Sequence data exist for only about 1/5 of plant species; therefore we are at risk of losing many branches of the tree of life even before they are placed into a molecular evolutionary context. This necessitates methods for phylogeny estimation of understudied, rare, and threatened taxa, which often forces researchers to utilize historical collections. The restriction site-associated DNA sequencing (RADseq) family of reduced representation sequence generation has provided a flexible and efficient method for the rapid generation of hundreds to tens of thousands of loci, and has recently seen adoption for phylogeny estimation. However, these methods have been primarily utilized with freshly collected or well preserved tissue. Here we sample all taxa of a genus of rare flowering plants, Chloropyron (Orobanchaceae), from herbarium sheets dating up to 25 yr and use double digest restriction site-associated DNA sequencing (ddRADseq) to resolve intraspecific relationships. We find all species in Chloropyron to be monophyletic, with the inland taxon C. maritimum ssp. canescens sister to the rest of the coastal C. maritimum (ssp. maritimum + ssp. palustre), and the two distinct subspecies of C. molle to be each other's closest relative with strong support. In addition, we demonstrate the utility of reduced representation libraries to address phylogenomic problems in a group of rare species and address pitfalls of accurately inferring relationships when the amount of missing data is large, as is often the case when using historical specimens and rare taxa.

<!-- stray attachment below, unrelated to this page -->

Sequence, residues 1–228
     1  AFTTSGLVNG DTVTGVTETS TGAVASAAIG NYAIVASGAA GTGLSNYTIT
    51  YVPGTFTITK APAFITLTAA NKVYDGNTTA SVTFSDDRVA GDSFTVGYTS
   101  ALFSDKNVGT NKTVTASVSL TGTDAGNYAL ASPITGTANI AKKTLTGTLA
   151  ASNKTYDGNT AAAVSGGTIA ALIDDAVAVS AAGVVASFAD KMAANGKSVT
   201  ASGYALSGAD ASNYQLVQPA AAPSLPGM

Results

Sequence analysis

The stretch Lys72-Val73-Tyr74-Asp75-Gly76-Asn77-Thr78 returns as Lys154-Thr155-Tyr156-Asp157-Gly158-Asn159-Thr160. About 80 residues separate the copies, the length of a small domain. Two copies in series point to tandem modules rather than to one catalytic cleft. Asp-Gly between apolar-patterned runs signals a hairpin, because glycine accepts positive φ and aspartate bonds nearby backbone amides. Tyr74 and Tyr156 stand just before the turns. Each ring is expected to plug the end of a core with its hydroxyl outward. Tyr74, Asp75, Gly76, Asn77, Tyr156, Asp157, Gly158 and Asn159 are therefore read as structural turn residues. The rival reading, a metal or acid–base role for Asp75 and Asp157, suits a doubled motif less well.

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Vol. 43 • No. 3